Indeed, some government scientists and media shills are now "reexamining" old studies that show that radioactive substances like plutonium cause cancer to argue that prevent cancer.

It is not just bubbleheads like Ann Coulter saying this. Government scientists from the Pacific Northwest National Laboratories and pro-nuclear hacks like Lawrence Solomon are saying this.

In other words, this is a concerted propaganda campaign to cover up the severity of a major nuclear accident by raising acceptable levels of radiation and saying that a little radiation is good for us.
Ken Belcher
The crisis at the Fukushima Daiichi Nuclear Power Station is a good illustration of why self-regulation does not work. If this plant was unsafe, then manufacturers and operators of nuclear power plants around the world should have been publicly demanding that these reactors be shut down before the earthquake. Such a position was obviously in the best interest of the industry, which now in much of the world will have a very difficult time keeping their current plants from being shut down, let alone getting approval to build new ones.

Since they did not warn about the unsafe siting of Fukushima Daiichi we can not trust their silence on other plants, such as those in Illinois of the same design, which could easily be struck by earthquakes followed by multiple tornadoes, wrecking enough destruction to keep power off for too long, as in Japan.

For this reason regulators must not be dominated by people who are unwilling to mandate the necessary safeguards - irrespective of costs, even if it means the regulated industry is no longer financially practical when the costs are born by the companies instead of society.
Dr Jaan
Tallinn, Estonia

Regarding General Electric:

Soon after GE started production of the type of reactors found in Fukushima, the Mark 1 type reactors, American regulators discovered serious weaknesses. Already in 1972, Stephen H. Hanauer, a safety official with the Atomic Energy Commission, said that the Mark 1 system should be banned. There were a number of concerns, but the greatest problem was that he found that the smaller containment design is too susceptible to explosion and rupture from a buildup of hydrogen. This is exactly what now has happened at Fukushima Daiichi. Moreover it was warned already in 1972, that if a Mark 1 reactor's cooling system failed, the fuel rods would overheat and, because of this, the primary containment vessel surrounding the reactor would burst, spilling radiation into the environment. That is exactly what now happened at the Fukushima Daiichi nuclear plant.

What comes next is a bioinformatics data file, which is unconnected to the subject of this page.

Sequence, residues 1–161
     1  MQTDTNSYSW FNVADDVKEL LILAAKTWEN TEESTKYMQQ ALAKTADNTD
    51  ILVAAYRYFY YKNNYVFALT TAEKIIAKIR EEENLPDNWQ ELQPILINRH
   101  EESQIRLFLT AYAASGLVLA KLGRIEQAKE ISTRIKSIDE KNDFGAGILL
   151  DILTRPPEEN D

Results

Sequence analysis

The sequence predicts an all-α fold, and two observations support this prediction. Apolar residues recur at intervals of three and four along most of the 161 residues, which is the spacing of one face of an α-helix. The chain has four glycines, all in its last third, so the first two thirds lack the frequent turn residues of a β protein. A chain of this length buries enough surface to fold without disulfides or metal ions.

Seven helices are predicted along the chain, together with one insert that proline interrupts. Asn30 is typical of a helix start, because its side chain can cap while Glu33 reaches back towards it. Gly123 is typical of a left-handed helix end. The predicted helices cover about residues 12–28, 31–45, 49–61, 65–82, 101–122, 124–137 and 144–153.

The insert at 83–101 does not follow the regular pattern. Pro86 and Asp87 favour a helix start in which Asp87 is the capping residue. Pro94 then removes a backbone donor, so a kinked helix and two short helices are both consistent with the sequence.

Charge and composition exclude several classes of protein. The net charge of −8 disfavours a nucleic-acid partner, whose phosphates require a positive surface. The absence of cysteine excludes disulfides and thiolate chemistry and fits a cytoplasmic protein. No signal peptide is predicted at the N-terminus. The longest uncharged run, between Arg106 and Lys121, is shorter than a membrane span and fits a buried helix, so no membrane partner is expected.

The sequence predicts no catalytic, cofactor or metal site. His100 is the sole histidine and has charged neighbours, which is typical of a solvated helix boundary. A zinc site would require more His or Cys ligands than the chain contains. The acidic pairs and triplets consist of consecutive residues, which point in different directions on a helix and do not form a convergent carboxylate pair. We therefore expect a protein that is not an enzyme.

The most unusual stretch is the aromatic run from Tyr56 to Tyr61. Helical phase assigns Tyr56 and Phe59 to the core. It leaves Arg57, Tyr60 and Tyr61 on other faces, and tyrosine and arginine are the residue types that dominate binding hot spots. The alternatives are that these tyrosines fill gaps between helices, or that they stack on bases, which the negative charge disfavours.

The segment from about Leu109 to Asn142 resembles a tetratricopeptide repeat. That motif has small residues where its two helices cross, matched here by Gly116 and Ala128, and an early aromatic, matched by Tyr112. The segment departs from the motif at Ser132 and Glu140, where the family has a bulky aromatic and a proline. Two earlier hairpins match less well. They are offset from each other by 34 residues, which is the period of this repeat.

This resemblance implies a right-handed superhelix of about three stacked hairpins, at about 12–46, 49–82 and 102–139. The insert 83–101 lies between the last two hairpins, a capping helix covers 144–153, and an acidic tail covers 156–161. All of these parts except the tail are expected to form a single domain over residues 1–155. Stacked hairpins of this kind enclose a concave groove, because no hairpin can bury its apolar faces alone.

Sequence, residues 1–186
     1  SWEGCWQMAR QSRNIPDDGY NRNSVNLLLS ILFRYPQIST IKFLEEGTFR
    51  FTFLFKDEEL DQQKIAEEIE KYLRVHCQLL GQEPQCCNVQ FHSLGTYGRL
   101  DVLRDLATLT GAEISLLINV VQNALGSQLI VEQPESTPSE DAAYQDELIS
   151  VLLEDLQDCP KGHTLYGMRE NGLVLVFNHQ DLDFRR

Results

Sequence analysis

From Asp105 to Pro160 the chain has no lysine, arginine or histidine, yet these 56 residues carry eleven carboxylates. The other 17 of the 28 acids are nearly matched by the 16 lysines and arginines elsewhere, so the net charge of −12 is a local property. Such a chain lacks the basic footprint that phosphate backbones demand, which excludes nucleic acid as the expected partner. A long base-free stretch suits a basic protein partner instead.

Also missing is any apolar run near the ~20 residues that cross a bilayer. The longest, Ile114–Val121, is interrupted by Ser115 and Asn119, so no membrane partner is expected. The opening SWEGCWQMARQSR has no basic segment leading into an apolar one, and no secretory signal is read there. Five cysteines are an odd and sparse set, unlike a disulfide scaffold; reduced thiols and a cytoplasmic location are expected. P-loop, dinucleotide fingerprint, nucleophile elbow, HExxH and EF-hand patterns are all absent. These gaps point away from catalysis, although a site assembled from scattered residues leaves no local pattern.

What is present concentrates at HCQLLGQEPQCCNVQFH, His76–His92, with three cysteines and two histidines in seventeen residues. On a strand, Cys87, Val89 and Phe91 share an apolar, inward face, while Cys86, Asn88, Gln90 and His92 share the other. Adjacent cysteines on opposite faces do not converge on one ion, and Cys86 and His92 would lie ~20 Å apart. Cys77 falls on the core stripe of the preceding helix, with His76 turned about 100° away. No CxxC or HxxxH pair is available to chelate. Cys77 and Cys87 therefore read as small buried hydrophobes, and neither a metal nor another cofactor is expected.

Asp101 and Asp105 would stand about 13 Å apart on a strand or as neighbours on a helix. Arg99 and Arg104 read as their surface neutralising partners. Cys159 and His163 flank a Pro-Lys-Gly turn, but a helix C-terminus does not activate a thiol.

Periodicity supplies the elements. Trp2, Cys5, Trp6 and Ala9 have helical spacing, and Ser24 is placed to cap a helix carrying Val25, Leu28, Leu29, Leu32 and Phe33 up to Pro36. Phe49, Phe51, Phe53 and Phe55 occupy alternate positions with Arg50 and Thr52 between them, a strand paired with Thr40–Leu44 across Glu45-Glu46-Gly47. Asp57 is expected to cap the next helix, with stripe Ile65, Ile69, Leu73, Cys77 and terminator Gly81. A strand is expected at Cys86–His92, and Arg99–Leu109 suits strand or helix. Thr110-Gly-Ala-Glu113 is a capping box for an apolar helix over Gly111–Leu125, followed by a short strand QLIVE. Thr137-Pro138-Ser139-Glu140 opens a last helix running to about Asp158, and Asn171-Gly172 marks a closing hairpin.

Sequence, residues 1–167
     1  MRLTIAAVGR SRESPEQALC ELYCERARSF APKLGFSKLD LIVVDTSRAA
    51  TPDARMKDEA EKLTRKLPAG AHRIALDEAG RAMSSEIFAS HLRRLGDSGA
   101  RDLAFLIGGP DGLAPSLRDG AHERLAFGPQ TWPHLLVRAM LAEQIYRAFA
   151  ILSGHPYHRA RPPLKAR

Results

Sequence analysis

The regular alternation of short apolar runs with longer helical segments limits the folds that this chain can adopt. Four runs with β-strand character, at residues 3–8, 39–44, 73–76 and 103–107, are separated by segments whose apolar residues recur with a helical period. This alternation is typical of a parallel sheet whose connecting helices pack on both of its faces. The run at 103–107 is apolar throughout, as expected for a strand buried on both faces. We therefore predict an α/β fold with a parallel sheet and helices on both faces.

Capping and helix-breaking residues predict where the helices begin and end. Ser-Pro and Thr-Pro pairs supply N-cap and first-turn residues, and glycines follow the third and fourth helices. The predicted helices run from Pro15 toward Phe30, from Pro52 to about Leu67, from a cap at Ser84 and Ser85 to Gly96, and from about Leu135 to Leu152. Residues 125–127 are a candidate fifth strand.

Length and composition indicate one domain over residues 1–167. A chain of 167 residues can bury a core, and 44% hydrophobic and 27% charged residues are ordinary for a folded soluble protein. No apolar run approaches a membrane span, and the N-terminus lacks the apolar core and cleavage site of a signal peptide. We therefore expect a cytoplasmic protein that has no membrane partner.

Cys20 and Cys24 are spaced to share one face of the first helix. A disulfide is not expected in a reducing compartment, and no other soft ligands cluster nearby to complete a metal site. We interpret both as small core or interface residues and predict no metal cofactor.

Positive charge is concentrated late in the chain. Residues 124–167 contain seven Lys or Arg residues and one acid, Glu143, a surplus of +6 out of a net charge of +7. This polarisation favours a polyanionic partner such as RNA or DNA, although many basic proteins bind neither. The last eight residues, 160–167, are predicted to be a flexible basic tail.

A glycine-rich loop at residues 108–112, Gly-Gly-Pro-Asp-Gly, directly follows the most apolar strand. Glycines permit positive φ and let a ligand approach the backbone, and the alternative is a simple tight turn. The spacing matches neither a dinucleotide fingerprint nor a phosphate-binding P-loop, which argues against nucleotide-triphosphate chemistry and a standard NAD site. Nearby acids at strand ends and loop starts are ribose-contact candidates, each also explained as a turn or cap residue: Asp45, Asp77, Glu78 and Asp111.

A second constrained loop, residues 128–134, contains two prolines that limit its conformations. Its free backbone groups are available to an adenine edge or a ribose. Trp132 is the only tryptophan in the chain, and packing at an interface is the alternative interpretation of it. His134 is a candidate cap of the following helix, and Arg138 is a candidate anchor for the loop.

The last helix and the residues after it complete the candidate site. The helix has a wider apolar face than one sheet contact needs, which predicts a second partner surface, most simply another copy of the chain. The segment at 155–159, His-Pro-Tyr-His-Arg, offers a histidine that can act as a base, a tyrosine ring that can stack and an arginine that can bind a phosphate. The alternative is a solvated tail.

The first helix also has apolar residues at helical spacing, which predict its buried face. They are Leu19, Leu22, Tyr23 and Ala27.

General Electric however ignored these warnings. They denied that the reactors were unsafe and continued to produce these reactors. Obviously they were wrong and the question is whether they made an error of judgment or very well knew that the reactors were unsafe but still continued production.

In the late 1980s, Mark 1 reactors in the United States were retrofitted with venting systems. Their purpose is to help ease pressure in overheating situations, after Harold Denton, an expert at the Nuclear Regulatory Committee, warned that Mark 1 reactors had a 90 percent probability of bursting if the fuel rods were to overheat and melt in an accident. This exactly what happened in Japan, so the question is if the Japanese reactors were not retrofitted. If so, in my opinion, a heavy burden falls on General Electric.

(Main source: http://www.sott.net/articles/show/225976-Dangers-Of-General-Electric-s-M...
Terrill Lane
Newberg Oregon
I might agree with continued use of Nuclear energy given the thoughts of the man whom wrote the above article. Given the history of the Nuclear regulatory commission I realize that the fox is guarding the hen house. Also I would like to show what Germany is doing in light of the Japan Core Breach. Yes Core Breach. I am also providing that link. This is all very well written and good read with educational properties. http://www.nytimes.com/2011/03/29/world/europe/29iht-germany29.html?ref=... And finally I would like to share what the brightest minds are thinking about global warming and Nuclear. See link. http://green.blogs.nytimes.com/2011/02/28/on-our-radar-small-nuclear-war... 

Physicist Michio Kaku said on day 4 that the Prime Minister should be calling in the air force to dump boron and cement on the reactors, as he was fairly certain the situation had already gone beyond Tepco's abilities and resources.
Sadly, the Japanese government has continued to be cowed by Tepco. I believe we're now well into the area were criminal charges are warranted (as if this makes any difference to the poor Japanese people crippled by this disaster).
A big issue is that Japan had rejected a lot of aids and experts early on.
American air force wanted to drop food and supplies in Fukushima, but was refused by Japan. South Korea gave Japan tons of chemical materials that can help neutralize the radiation (but would cause the plant to be completely unusable) but Japan refuses to use them. China sent experts and aid workers but Japan only allowed a few of them in. France donated tens of thousands work-suits that can protect workers from radiation, but the workers in Fukushima are still not wearing them and suffering from radiation burns. Even Philippines sent tons of bananas and foods, but people at Fukushima are still starving.